The Virgin Suicides, directed by Sofia Coppola, screenplay by Coppola, from the novel by Jeffrey Eugenides
By David Walsh
23 June 2000
At the center of The Virgin Suicides are five sisters growing up in a comfortable Detroit suburb in the 1970s, all of whom take their own lives within the space of a year. The film is narrated collectively by a group of neighborhood boys, now older, who idolized and idealized the five girls.
The first sister to kill herself is the youngest, Cecilia (Hanna R. Hall). A doctor treating the girl after her first attempt at suicide remarks, “You're not even old enough to know how bad life gets.” Cecilia calmly replies, “Obviously, doctor, you've never been a 13-year-old girl.” Her second and successful effort to take her own life delivers a blow from which her sisters and parents perhaps never recover.
Nonetheless, her older sister Lux (Kirsten Dunst) makes an effort to have a life. She takes up with a handsome fellow student, Trip Fontaine (Josh Hartnett). They make a lovely couple. Unfortunately, Trip is overpowered by his feelings for Lux, or perhaps her physical reality, and abandons her the night of the big dance. Her arrival home at dawn sets off a family crisis. The girls are taken out of school, virtually imprisoned in their own home. Their mass suicide is in part a protest.
One of the themes of the original novel and Sofia Coppola's film might be that the gap between male fantasy about female sensuality and sexuality and their reality has potentially catastrophic consequences. Another might be that any effort to stifle this sensuality and sexuality may also prove disastrous. In fact, various forces are at work destroying the girls, including their own inability or unwillingness to locate a secure or coherent place for themselves in the world.
The film suggests that adolescent girls are unhappy, and that the people and institutions in their lives are incapable of understanding, much less addressing this unhappiness. As far as it goes, this seems a legitimate theme to pursue.
However, the film doesn't go much farther than this level of generality. The excuse for the diffuse and ‘dreamy' feel of the thing is that this is a collective memory, an idealized memory at that. I don't think this is a legitimate excuse; memory can produce quite distinct, if distorted or false, images, and, anyway, the result is artistically unsatisfying. Everything simply seems vague, unfocused. For example, there is hardly a hint of the mid-1970s (aside from the soundtrack), or of the American Midwest, or of a suburban social milieu. The lack of concreteness and precision isn't the result of hazy memory, but of limited artistic abilities.
The general diffuseness extends to every aspect of the film. The director doesn't know what attitude to adopt toward the family—whether to smirk at its tribulations or sympathize with them, so she does both, and the two approaches negate one another. We're left with little feeling for them. The attitude to fantasy is likewise contradictory. Presumably we're meant to criticize the boys' relatively banal dreams about the girls, creatures they hardly know. By casting attractive and alluring actresses, almost nothing like typical suburban girls, the film tends to reinforce fantasy; it adds its own manipulations to the mix. That can't be helpful.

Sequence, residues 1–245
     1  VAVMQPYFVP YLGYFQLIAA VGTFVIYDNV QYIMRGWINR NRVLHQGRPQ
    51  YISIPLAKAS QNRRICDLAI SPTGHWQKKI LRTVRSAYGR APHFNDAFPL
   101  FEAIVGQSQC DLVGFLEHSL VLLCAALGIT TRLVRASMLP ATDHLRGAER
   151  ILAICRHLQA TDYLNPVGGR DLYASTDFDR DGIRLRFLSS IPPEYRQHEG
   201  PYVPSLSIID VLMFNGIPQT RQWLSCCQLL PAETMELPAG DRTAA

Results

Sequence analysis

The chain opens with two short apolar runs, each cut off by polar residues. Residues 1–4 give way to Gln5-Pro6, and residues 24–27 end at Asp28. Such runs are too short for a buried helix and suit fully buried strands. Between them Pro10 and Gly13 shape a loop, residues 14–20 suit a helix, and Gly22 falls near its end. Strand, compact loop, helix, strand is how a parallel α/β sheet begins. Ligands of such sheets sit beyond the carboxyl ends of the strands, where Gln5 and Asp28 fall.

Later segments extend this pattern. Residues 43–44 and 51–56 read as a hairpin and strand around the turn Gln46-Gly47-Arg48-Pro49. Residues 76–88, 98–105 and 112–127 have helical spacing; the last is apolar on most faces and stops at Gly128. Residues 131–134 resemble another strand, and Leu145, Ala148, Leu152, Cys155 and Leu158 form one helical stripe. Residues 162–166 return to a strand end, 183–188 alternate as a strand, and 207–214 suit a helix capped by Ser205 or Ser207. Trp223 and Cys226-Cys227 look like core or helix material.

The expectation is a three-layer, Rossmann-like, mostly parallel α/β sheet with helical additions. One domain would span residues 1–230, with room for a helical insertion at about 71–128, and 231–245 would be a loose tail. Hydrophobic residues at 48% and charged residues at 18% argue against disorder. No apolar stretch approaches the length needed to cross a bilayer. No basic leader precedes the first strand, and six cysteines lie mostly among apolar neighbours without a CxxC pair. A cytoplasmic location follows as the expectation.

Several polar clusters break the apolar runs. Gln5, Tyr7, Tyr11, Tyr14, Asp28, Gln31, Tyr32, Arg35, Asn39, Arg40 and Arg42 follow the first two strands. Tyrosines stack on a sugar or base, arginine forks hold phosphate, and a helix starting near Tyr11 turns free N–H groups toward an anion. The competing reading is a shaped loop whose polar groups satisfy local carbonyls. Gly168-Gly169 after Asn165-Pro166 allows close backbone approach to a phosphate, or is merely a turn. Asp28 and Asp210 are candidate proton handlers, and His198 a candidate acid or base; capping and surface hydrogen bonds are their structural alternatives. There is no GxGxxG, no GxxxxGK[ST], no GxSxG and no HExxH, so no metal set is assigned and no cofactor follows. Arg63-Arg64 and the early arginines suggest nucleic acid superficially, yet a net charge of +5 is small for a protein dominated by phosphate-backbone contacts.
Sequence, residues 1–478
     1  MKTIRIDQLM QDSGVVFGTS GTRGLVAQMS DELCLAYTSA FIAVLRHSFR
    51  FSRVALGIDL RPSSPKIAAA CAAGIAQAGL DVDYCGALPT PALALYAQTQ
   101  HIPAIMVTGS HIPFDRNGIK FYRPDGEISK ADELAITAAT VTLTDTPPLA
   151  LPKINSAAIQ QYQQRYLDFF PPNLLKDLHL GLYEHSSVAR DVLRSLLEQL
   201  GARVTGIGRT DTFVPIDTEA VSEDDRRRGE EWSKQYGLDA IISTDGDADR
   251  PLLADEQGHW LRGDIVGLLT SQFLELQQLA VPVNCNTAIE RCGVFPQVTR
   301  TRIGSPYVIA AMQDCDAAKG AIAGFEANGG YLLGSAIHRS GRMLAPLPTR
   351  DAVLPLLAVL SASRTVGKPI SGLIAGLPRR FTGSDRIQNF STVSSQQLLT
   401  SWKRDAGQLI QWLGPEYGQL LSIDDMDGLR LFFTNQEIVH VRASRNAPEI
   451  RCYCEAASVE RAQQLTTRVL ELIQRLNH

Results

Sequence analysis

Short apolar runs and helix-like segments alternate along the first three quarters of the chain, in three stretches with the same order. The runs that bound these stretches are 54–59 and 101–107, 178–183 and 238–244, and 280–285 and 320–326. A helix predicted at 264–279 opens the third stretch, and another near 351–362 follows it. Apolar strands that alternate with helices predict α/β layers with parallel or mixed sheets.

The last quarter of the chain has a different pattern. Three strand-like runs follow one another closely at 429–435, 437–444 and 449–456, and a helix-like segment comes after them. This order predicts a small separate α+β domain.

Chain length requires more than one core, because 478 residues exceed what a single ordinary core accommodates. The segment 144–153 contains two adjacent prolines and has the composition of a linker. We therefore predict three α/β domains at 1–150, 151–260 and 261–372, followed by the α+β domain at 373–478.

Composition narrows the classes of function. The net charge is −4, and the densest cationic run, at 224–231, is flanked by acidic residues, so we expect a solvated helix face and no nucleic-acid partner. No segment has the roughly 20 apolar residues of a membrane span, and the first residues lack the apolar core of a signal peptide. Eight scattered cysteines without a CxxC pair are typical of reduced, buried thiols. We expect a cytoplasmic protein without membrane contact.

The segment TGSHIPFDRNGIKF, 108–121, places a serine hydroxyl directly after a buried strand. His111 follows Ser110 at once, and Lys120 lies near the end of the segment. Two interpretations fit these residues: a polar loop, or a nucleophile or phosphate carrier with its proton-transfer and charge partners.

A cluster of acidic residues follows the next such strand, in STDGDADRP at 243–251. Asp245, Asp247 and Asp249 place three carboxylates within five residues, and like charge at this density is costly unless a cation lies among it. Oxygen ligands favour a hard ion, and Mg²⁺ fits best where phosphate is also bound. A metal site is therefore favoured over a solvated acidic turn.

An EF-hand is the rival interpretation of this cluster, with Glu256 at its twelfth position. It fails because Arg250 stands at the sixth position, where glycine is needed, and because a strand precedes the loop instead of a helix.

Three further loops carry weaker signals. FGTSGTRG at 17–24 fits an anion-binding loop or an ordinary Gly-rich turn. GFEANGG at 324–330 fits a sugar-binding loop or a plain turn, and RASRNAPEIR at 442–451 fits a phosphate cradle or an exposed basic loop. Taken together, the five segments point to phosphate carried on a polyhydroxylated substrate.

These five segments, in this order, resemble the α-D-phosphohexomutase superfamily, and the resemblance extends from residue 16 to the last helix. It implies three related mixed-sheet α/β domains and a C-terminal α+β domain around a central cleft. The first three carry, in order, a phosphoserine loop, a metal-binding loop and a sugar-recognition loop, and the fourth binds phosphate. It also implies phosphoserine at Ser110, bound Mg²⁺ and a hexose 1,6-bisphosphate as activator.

The worst thing is that the deaths themselves leave us more or less unaffected. Somehow the director, despite her undoubted sincerity, treats the events too lightly. The suicide of one girl or boy is a horrible event. It's almost unimaginable that someone that young would choose not to taste life, even though we know its difficulties. Mass suicide of the young is that much more horrifying and unimaginable. At that point such an episode, by the logic of its own implications, becomes a social tragedy. One would want to know all about the circumstances, to make sense of them, to do everything in one's power to ensure that such an event never took place again. One might even be obliged to ask: why are so many people so unhappy in the “greatest nation on earth”?
But The Virgin Suicides is an essentially complacent work. The emphasis is not on making sense of the deaths, nor on a critique on the girls' conditions of life, except in the most obvious manner (the mother represses them and the father stands by and watches). The director irresponsibly turns the suicides into something ineffable, mysterious, almost inevitable. Their dramatic presentation in the end is something of a gimmick.
We only see outlines of a drama, of tragedy. Like Girl, Interrupted and American Beauty, although more honest and straightforward than those works, The Virgin Suicides is an inadequate view of American life. All the truly difficult problems, the ones that matter, are sidestepped.